Monday, July 16, 2012

Appropriated Identities Light Rail Diversions

How I imagine a Mayan bicycle mechanic would appear, with wrenches

Right around the midpoint of the Oak-Encanto bikeway sits a light rail station with some cool public art. On a hot day at noon in the summer, those air conditioned light rail cars with the bike hangers can be a welcome respite, a way to cover some miles and cool down while doing it. The art at this stop is cool, centered around a bronze statue with some interesting details.

Public art at the Light Rail stop across from the Heard Museum

It seems like I see more and more bicycles on and around the light rail whenever I ride it. Sometimes, the bicycle hangers are even full, but no one seems to mind in that case if you stand and hold your bike. At least not on the weekends, not sure what a crowded work day would be like. I guess you could always wait for the next train while pondering the details of this bronze stele.

Compare with this stele from Copan (public domain image, from here.)


  1. I can usually find a place to hang my bike during the morning commute. On the way home in the evening, I almost have to stand for at least the first half of the ride until space frees in the bike racks. I have plenty of complaints about riders who don't even try to hang their bikes and instead sit with their rides in front of them, taking up three seats in the process. Nevertheless, the overall mix of light rail and bicycling is a success story.

    It's such a success story that Metro Rail needs to look at next steps, and I think the agency is doing that based on a recent survey they did of riders. One possibility is to add more bike lockers at stations so that people who ride to and from rail can store their bikes securely during the day and therefore not bring as many of them on the trains. That will work for some people, but probably not for me since I enjoy having my bike at the office in order to pedal to lunch or errands during the day.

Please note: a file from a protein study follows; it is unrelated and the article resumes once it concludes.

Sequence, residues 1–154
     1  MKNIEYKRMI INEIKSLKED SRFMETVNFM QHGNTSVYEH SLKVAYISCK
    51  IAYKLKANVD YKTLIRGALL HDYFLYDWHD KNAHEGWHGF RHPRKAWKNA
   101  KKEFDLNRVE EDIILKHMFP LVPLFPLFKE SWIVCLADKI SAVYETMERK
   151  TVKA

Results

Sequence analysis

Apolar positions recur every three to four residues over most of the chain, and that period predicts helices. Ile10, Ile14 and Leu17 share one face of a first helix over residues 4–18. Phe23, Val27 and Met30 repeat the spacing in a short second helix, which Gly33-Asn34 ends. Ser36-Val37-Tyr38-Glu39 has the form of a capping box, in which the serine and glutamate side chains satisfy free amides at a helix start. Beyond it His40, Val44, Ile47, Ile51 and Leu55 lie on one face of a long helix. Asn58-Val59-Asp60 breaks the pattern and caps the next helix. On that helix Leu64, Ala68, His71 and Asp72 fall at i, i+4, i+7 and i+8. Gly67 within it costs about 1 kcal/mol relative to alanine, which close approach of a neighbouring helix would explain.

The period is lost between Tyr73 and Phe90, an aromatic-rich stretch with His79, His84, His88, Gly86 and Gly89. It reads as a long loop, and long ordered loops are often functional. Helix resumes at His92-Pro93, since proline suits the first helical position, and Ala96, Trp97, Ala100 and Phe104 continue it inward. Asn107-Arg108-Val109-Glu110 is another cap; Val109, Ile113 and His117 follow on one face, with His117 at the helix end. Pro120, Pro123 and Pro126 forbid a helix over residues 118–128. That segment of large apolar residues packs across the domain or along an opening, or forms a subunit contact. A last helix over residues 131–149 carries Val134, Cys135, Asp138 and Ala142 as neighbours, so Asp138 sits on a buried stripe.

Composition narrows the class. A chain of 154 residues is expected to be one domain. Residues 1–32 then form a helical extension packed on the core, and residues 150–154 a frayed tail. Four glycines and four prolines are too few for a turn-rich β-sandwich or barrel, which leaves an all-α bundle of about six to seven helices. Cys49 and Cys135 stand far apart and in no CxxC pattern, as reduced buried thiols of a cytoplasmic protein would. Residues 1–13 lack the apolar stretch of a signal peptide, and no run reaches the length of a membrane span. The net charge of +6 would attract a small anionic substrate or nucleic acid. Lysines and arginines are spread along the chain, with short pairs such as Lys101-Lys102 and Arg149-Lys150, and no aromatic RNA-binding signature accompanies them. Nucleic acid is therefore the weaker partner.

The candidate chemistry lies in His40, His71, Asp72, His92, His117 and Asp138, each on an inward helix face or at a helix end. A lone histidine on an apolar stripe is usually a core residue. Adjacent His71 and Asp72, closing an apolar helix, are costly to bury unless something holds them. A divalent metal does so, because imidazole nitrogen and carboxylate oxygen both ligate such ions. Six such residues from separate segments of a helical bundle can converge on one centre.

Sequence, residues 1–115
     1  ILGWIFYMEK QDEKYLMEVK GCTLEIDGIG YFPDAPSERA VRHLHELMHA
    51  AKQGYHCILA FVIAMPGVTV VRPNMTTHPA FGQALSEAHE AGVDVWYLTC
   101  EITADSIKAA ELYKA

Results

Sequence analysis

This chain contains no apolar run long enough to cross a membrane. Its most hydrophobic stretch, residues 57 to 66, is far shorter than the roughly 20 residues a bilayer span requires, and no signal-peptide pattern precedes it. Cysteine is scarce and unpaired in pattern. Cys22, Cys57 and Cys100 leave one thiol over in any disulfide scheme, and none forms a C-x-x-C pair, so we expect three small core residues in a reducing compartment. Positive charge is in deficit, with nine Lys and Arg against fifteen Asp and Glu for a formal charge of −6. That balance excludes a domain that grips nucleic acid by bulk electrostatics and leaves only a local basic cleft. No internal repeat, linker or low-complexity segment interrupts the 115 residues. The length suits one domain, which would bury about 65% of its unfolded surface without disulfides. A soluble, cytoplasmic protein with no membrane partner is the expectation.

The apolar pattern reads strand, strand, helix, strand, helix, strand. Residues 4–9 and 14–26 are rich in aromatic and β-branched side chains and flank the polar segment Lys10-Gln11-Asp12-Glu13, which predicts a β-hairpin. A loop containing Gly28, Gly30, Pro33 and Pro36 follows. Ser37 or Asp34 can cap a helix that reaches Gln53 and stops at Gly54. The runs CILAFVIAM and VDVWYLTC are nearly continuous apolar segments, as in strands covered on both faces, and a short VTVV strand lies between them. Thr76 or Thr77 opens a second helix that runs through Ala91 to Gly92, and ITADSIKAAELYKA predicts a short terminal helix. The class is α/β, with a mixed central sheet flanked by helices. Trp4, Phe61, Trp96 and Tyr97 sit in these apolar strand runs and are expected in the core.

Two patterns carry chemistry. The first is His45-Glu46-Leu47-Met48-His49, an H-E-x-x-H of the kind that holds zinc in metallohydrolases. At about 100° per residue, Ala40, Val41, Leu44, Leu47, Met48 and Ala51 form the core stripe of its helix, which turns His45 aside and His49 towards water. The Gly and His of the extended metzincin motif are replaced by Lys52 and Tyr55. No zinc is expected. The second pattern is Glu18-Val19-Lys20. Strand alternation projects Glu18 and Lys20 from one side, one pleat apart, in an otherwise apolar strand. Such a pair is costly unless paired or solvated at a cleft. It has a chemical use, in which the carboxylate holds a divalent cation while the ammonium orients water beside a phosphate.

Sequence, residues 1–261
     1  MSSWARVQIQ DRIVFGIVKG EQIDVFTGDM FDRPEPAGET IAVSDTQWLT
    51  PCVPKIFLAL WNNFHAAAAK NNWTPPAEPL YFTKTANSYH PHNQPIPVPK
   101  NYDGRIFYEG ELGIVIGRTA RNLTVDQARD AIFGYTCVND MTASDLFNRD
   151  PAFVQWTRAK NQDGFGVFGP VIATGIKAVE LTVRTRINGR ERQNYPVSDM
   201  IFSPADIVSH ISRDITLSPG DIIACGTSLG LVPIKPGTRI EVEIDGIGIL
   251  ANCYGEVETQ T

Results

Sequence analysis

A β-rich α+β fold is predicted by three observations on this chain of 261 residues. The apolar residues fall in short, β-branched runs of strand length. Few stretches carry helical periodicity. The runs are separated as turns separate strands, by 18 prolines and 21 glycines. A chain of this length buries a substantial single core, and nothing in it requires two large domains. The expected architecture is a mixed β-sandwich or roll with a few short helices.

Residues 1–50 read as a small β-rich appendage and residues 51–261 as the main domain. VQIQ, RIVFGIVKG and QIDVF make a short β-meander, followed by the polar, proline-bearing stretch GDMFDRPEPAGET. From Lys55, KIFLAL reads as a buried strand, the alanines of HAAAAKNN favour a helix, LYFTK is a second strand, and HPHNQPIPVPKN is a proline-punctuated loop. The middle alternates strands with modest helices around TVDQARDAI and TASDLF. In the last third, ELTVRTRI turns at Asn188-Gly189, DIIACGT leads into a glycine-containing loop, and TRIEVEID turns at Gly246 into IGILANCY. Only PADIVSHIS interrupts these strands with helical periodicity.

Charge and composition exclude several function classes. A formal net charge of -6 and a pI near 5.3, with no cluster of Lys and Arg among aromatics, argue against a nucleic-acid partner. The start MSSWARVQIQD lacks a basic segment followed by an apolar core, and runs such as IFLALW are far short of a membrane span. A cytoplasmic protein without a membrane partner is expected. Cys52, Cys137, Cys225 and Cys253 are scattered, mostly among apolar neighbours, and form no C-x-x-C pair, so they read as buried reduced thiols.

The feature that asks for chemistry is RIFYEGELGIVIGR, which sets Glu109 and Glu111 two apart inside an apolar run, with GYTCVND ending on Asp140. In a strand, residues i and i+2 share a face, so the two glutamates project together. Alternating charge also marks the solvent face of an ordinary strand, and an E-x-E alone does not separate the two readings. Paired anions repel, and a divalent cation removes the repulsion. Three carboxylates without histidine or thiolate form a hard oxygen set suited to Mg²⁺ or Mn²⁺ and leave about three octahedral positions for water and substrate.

Another possibility is to run more three-car trains. Currently, you see those routinely in the morning but not in the evening unless there's a Diamondbacks home game. Finally, my own suggestion is that Metro Rail might want to consider removing seats from the center section so that even more bikes can be hung there. No matter what happens, it's great how light rail ridership just continues to increase long after the claimed novelty has worn off and it's great that so many bike commuters are part of that trend.

    And, yes, the station art at Encanto/Central is pretty cool. Other favorites: the "Stargate" at Central/Camelback, the history of the justice system at 1st Ave/Jefferson, and what I call "retro Tempe" at Dorsey/Apache.

    1. I saw one woman sitting on her bike lined up with the doors, not blocking them, and pointed in the right direction for her when she got off, which seemed slick if you can pull it off. A folding bike would probably be the way I would go if I took the light rail every day, so that I knew I would be able to deal with any level of crowding with minimal hassle, and could tuck my bike under my desk without worrying about parking it, either.


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